Introduction to Chris Mann’s Whistlin Is Did

31 October 2016


Cover design by Alissa Dinallo, Illustration by Lily Mae Martin

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Chris Mann read at Melbourne’s La Mama in the early 1970s, where he first impressed me as a bold exponent of a sort of critical, larrikin and compositional linguistics, and seemed very much at home in the theatre’s performance space, with its nascent egalitarian ethos. Some listeners I noticed may have been equally perplexed as intrigued by his well-timed delivery, his knowingly artful shtick and highly patterned patter. But I found it immediately refreshing – strangely empowering and full of a polemical vitality – as he monkeyed around with very new and homegrown language possibilities.

Perhaps my mind and ears had already been primed by the 1960s ‘cut-up technique’ novels of William S Burroughs, and the more upbeat Indeterminacy, John Cage’s 1959 series of one-minute stories with electronic music. To boot, I was also half way through my first reading of James Joyce’s influential classic, Finnegan’s Wake.

Astoundingly, amid Mann’s speech gestures and tics, and his relentless reflection and commentary on the nature of language itself, there were familiar echoes of the argot of C J Dennis’s The Sentimental Bloke. Mann’s work, indeed, celebrated the deepest grains of broad Australian usage, including its vernacular and slangy idioms – rhythm, pitch, intonation, everything.

Mann has often observed that Australia has a long tradition of ‘making do’ – going back to the Depression, to rural scarcity, and further back to Koori culture. Having scarce resources always makes necessity the mother of invention, forcing you to find highly innovative solutions.

Mann’s seriously playful excursions into linguistic composition range easily across high and low culture. Some passages sound everyday, concrete and quotidian while others are as removed and abstracted as the random patter of raindrops on a windshield. Or, like the restless non-specialist polymath he is, Mann will suddenly swing in and out of diverse fields of learning and scholarship: linguistics, semantics, economics, politics, cultural theory, physics, information science, you name it; layering quickly sampled snippets of all of the above …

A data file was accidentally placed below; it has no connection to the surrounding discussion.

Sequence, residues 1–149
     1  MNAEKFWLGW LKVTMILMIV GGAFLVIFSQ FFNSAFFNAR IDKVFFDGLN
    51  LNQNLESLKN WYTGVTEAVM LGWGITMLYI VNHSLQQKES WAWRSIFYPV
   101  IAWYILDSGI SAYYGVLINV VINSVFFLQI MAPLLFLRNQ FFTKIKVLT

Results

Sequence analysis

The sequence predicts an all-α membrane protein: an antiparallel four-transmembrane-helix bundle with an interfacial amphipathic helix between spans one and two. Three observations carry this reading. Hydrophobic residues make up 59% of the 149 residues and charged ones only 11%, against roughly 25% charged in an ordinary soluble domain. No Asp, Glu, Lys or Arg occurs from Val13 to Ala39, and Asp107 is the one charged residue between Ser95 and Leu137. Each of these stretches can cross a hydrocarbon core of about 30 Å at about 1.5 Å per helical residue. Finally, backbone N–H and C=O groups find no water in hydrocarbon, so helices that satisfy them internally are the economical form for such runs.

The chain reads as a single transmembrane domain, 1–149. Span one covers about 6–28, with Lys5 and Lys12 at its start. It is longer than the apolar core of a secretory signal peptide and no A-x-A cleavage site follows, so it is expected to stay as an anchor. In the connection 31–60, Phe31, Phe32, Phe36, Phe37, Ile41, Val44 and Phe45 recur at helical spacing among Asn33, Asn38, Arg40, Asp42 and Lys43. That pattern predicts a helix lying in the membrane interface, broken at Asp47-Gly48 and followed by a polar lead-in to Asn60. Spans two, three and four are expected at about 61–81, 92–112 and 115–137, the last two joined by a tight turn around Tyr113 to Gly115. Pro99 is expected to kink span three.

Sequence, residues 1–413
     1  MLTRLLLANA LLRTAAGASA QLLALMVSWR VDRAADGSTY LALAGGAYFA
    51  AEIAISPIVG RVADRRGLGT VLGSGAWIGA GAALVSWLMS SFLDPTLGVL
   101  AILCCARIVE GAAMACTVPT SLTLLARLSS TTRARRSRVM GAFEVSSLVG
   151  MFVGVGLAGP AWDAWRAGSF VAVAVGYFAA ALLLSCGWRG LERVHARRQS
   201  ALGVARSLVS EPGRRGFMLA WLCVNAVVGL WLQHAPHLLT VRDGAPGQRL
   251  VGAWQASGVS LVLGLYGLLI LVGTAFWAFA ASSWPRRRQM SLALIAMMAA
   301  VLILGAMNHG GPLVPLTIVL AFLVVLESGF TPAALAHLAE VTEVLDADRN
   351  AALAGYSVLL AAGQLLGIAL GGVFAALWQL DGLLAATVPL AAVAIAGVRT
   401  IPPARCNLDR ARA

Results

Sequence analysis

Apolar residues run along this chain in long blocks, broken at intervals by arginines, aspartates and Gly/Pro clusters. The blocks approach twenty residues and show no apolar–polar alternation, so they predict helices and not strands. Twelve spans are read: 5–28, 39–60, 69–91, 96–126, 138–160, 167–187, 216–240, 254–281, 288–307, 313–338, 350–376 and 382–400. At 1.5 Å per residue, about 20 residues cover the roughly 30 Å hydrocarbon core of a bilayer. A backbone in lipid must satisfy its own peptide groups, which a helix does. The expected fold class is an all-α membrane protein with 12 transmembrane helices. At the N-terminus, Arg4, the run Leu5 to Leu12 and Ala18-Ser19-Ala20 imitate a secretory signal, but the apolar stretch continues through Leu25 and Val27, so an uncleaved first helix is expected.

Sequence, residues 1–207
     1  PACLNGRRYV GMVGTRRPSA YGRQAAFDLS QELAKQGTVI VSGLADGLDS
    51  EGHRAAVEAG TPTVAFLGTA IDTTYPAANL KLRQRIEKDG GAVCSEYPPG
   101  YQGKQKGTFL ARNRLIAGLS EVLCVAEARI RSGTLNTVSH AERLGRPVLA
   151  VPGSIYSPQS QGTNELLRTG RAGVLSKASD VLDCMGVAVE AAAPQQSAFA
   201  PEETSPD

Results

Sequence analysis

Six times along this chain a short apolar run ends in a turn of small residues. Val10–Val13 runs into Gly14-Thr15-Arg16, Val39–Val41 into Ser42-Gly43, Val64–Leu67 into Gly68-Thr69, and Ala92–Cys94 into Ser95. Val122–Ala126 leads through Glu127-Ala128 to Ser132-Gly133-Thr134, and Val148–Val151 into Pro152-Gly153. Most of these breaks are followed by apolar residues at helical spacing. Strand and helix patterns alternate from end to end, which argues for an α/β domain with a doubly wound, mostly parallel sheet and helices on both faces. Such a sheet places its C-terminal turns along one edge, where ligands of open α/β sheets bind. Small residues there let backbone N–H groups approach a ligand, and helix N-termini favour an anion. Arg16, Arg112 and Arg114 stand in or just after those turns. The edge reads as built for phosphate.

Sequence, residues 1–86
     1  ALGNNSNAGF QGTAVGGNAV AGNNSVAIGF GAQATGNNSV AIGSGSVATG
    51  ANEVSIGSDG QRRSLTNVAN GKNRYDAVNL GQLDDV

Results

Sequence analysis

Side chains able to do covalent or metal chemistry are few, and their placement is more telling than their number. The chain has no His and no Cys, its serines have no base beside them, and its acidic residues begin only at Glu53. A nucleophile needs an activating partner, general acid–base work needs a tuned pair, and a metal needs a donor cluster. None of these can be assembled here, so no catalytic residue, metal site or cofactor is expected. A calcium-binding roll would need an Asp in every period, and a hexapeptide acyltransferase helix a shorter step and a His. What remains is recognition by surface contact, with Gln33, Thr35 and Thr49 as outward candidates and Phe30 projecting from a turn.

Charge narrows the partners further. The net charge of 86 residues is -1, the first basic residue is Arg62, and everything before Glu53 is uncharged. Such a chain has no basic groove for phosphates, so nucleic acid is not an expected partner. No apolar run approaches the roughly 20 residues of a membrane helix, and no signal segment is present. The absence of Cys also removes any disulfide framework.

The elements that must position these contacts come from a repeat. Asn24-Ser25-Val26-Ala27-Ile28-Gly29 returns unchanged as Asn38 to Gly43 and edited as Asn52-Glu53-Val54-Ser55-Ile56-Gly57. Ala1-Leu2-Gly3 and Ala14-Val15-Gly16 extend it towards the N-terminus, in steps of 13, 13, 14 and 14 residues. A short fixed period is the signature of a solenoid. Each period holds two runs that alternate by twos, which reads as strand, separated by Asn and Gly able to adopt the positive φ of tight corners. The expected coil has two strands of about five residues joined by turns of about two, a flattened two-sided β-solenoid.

Mann moved to New York in the 1980s, where he quickly formed alliances with other renowned composers and theorists. This milieu has proved enabling, furthering Mann’s artful elaboration of polemical tirades; fast boundary crossings between competing modes of discourse; his ever- changing writerly dynamic of assertion and refutation and of numerous ways to usefully disclose and disrupt the creeping conformity behind automatically received patterns of thought.

Some Jewish scholars have observed how the Western classical tradition favours the clear arrival at a perceived unitary truth. In contrast, the Rabbinic way favours multi-voiced argument that does not rely on any one conclusion. Within this inclusive, pluralistic approach – in which minority opinions are preserved, and truth contained in contending voices – you can both argue with God and win!

This alternative tradition provokes tantalising possibilities; ones emerging from previously invisible cracks between apparent truths. Hold the glass up darkly to scrutiny, and see fault lines everywhere, glimpsed most clearly in the shards, particularly those riddled by economics. One may detect, ‘the cult of repetition and the technology of agreement’. Or critique the aggressively deterministic sideshows of consumer capitalism, where market research is a sort of ‘designer theft’ and ‘user-pays surveillance’.

Pieces in this book sometimes read like blips in a particle accelerator, flung into each other at lightning speed to see what deeper thought emerges among exciting cognitive flashes of collision and conjecture. Other pieces can seem more attentive to sounds rather than sense. ‘The Box’, for example, becomes as energetic as a bees’ dance, and rather than being concerned with meaning (that ‘pissy little concnpt’) they orchestrate the ubiquitous buzz of language, an endless slippage and play of phonemes into textures of vibrating sound.

Walk through any mall, and see and hear. We now live in a ‘sampling world’, in which sensory overload conspires with the digital revolution, with media old and new, and with modern economics, to shape all our waking moments into a stream of micro-grabs. Reality has increasingly become a zone of cut and splice. If our society is currently putting narrative through a digital mincer, then Mann, through his wonderfully idiosyncratic shorthand, helps to reveal both how and why this might be happening.

All the above speculations aside, however, readers will interpret Whistling Is Did however they like. This excellent sampler of Mann’s uniquely multi-resonant work is precisely calibrated to repay your attention. So enjoy its free-wheeling charter to confront and amaze.

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